This is a big heart, but not out of the range of what is reported (or calculated ) from literature values.

        More than a generation ago, the Swedes used green dye and reported occasional CO values of 40 L/min in athletes.

         

        Assuming a resting VO2 of 300 ml/min, a HR of 50, an EF of 0.6 and an a-vO2 difference of 50 ml/L

        300=CO*50

        CO=6 L/min

        6000 ml/min = 50*0.6*EDV

        EDV=200 ml

         

        Thus, in terms of the original question

        HR*4

        avO2 difference *3

        EF*1.33

        EDV*1.25

        CO*4*1.33*1.25=6.65

        SV*1.66

         

        Reference

        AnholmJD, Foster C, Carpenter J, Pollock ML, Hellman CK, Schmidt DH:  Effect of habitual exercise on the left ventricular response to exercise.  J Appl Physiol 52: 1648-1651, 1982.

         

        Carl Foster

         

         


        From: sportscience@yahoogroups.com [mailto:sportscience@yahoogroups.com] On Behalf Of Ian Shrier
        Sent: Sunday, March 01, 2009 6:13 AM
        To: sportscience@yahoogroups.com
        Subject: Re: Difficulty explaining VO2max

         

        I think it is important that everyone remember that:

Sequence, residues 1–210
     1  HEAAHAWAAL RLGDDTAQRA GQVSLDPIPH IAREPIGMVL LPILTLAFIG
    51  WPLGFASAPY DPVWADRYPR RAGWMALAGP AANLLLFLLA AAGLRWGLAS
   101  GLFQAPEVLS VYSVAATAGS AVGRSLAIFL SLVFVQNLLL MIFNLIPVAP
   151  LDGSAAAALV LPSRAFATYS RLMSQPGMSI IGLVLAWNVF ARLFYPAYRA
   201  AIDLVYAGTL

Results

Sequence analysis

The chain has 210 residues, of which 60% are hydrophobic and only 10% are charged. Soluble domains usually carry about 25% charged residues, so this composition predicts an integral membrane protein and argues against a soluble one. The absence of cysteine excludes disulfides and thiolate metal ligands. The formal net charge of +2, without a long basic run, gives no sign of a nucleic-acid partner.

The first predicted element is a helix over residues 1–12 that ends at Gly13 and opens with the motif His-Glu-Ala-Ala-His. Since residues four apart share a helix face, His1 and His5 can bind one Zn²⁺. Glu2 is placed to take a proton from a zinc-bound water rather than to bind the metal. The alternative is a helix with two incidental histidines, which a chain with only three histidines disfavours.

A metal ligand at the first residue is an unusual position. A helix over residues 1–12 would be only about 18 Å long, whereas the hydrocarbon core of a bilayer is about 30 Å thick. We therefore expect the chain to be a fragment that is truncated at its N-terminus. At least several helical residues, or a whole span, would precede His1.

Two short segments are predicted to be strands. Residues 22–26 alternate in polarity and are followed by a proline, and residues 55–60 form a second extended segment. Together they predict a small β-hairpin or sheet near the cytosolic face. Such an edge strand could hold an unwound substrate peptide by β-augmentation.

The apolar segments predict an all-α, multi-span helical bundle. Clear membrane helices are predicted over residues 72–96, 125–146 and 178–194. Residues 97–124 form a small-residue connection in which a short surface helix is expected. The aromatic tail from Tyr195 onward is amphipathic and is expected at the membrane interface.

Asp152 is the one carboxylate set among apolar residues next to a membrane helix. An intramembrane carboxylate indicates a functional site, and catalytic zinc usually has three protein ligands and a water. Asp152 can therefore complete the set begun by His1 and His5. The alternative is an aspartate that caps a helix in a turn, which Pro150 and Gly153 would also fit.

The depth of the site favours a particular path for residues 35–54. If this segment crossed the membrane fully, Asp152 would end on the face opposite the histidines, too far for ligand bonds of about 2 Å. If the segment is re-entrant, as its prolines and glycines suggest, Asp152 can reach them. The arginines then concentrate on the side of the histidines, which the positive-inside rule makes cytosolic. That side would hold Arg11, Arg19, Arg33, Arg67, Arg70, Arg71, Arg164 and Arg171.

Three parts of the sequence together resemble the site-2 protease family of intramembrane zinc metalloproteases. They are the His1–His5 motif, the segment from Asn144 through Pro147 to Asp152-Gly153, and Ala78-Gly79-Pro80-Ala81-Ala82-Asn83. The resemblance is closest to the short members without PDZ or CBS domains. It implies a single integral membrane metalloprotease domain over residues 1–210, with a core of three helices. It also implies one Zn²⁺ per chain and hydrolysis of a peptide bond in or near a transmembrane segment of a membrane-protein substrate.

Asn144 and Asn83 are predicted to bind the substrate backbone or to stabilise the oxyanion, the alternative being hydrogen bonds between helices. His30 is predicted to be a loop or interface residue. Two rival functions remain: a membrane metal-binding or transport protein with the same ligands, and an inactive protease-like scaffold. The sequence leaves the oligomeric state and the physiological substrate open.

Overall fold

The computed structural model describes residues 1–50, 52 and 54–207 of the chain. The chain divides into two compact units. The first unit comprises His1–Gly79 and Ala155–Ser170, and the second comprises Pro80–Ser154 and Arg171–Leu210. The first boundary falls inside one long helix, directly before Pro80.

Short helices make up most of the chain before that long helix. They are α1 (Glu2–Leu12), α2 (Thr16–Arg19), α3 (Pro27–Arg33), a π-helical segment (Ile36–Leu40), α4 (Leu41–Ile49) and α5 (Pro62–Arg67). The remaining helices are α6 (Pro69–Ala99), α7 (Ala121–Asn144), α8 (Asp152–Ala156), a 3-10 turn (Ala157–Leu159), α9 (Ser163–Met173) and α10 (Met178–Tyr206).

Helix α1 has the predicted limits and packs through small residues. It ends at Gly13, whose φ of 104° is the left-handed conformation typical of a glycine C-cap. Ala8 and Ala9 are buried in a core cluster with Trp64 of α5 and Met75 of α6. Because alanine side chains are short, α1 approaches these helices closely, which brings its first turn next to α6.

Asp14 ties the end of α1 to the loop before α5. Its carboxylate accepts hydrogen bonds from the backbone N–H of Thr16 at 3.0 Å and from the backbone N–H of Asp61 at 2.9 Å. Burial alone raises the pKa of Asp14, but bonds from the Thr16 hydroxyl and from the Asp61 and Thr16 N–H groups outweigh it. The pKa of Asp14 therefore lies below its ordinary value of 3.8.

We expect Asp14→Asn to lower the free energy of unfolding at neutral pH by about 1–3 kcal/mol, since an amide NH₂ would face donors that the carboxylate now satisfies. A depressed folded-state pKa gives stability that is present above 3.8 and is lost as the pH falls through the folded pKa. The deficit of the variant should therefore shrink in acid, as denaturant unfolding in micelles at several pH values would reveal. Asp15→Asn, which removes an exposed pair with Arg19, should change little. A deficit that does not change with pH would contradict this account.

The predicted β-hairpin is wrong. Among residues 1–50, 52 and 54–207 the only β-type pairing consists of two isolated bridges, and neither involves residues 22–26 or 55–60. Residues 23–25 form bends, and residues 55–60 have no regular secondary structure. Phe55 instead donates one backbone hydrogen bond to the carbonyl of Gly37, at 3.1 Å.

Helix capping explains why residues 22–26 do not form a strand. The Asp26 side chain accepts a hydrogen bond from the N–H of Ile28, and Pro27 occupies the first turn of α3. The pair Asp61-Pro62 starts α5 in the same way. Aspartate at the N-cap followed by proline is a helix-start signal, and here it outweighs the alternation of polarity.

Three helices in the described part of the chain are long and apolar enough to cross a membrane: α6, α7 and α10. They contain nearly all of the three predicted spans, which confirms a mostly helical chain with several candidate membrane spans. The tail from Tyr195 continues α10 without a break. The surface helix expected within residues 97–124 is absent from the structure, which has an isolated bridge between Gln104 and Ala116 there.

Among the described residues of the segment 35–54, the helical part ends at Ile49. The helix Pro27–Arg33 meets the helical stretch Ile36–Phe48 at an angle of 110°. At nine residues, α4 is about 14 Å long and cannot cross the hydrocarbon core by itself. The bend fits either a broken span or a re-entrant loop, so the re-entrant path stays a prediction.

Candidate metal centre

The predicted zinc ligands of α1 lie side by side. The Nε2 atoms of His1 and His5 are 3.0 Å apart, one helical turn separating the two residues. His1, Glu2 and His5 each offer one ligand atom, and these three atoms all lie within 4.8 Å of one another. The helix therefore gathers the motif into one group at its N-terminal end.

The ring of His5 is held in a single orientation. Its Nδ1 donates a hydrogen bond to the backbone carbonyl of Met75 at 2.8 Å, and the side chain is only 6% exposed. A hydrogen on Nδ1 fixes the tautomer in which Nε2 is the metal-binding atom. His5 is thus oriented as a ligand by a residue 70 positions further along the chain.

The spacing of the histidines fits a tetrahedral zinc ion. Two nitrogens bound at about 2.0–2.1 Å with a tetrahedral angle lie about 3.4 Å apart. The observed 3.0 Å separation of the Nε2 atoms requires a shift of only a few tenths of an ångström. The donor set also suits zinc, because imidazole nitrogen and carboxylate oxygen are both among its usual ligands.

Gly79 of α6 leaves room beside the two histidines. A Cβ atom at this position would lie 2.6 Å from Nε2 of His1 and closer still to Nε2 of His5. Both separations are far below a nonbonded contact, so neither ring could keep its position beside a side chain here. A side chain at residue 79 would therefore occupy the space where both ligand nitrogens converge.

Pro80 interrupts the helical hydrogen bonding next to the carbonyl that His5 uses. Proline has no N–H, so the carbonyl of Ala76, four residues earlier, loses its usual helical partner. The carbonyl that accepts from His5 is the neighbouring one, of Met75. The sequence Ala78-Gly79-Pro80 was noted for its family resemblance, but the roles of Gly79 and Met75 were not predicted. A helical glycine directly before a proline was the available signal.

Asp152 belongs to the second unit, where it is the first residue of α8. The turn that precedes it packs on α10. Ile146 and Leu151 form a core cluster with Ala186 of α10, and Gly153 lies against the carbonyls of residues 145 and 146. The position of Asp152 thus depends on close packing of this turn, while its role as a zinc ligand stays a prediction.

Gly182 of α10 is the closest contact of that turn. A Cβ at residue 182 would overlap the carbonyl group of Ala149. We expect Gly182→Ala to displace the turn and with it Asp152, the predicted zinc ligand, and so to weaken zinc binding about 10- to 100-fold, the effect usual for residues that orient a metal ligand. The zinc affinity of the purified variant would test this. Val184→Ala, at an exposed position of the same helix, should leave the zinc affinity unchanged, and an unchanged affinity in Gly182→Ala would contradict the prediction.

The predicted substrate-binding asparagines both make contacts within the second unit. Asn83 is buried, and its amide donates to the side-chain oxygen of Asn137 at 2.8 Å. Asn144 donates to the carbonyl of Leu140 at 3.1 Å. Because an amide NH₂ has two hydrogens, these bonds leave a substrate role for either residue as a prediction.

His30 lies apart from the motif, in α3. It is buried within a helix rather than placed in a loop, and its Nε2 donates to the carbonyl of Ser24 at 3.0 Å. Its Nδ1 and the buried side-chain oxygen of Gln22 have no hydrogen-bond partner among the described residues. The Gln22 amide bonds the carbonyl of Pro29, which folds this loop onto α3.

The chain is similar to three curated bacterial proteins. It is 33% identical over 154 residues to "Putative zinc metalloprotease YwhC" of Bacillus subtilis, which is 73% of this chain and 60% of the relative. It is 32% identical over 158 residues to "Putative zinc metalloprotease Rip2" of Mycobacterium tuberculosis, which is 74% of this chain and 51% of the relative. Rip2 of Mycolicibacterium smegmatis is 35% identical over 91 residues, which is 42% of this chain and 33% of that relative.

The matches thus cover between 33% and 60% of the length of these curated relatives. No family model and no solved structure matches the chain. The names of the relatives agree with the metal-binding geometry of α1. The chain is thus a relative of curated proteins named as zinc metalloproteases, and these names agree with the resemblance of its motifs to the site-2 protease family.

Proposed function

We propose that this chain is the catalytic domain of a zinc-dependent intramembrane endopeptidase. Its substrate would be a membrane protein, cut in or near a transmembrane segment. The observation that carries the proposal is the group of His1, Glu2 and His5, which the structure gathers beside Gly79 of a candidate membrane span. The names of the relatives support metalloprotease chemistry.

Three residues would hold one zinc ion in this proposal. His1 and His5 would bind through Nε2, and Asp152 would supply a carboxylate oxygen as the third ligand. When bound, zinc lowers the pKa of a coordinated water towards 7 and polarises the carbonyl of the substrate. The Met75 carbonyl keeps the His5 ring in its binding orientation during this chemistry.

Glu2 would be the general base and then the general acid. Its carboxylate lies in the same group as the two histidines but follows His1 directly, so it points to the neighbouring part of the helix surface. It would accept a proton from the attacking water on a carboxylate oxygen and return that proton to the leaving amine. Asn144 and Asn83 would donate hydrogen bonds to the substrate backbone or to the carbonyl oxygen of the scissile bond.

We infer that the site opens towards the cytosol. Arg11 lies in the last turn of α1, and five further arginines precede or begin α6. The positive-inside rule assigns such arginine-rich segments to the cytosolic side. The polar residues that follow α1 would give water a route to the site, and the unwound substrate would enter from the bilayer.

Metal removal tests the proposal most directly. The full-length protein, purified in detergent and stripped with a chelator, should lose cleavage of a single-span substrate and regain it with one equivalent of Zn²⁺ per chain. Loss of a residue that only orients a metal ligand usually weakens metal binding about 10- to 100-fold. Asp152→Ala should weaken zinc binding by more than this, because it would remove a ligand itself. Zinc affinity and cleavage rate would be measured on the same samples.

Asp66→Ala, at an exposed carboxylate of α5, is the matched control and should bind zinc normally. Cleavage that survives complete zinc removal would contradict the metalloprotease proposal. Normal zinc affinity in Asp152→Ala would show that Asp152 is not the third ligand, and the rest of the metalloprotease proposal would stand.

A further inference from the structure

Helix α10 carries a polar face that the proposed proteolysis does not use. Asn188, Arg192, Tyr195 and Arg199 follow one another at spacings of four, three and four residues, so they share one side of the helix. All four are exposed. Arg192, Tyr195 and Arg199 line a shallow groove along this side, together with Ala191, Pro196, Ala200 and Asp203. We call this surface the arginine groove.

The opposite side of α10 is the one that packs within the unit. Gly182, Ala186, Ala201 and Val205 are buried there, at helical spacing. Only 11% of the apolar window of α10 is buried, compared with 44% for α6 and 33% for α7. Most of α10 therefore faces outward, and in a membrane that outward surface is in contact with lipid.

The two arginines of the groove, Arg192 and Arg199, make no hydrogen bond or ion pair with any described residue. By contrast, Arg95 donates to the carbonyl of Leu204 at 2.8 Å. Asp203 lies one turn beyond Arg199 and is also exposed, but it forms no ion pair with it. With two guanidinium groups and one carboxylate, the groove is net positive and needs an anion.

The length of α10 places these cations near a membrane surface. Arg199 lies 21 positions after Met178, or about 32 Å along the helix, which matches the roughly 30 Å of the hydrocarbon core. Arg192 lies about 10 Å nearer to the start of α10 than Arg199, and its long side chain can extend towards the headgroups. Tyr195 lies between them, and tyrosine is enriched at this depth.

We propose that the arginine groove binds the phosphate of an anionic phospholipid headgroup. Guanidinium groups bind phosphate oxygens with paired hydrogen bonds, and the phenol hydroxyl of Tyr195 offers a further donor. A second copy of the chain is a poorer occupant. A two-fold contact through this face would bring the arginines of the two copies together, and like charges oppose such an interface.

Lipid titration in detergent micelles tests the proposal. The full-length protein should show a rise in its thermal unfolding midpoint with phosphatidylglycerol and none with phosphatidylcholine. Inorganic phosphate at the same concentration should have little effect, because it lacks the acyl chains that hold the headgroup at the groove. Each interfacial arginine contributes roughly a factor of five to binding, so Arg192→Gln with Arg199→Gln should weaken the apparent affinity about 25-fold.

Cardiac output = HR * stroke volume

        The ejection fraction is not in the equation.

        Stroke volume increases if there is an increase in end-systolic volume
        or a decrease in end-diastolic volume. The ejection fraction is simply
        a function of these.

        A normal heart has an ejection fraction above 60%. Ejection fractions
        lower than 60% mean the person is starting to have heart failure.
        Ejection fractions less than 50% are associated with increased
        mortality and ejection fractions less then 40% represent moderate to
        severe heart failure.

        If you start at 60% ejection fraction, it is impossible to double it
        to 120%. This is why Carl Foster said the most liberal estimate would
        be from 60% to 80%. Note that this is a 33% increase and not a 60%-80%
        increase as Catherine Bacon says below.

        And of course, there is the increased a-v extraction noted by previous
        answers.

        So, to keep it simple, the increase in VO2max comes partly from an
        increase in cardiac output (which comes because of a mix of an
        increase in stroke volume and HR), and an and partly from an increase
        in a-v extraction.

        Of course, we don't usually exercise at VO2max so the changes with
        exercise may be very different when exercising at VO2 max vs
        submaximal exercise. I went looking for a table at VO2max but couldn't
        get one online. Here is a table from a paper in JAP in 2009 in middle-
        aged men cycling at 60-65% of VO2max. Note that most of the increase
        in stroke volume does come from ejection fraction in this table, and
        cardiac output increases are therefore due to HR and "ejection-
        fraction related increases in stroke volume". At very high heart rates
        experienced at VO2max, there is less time for the heart to fill, end-
        systolic volume therefore decreases, and this leads to decreases in
        stroke volume (not sure if ejection fraction declines but I think so).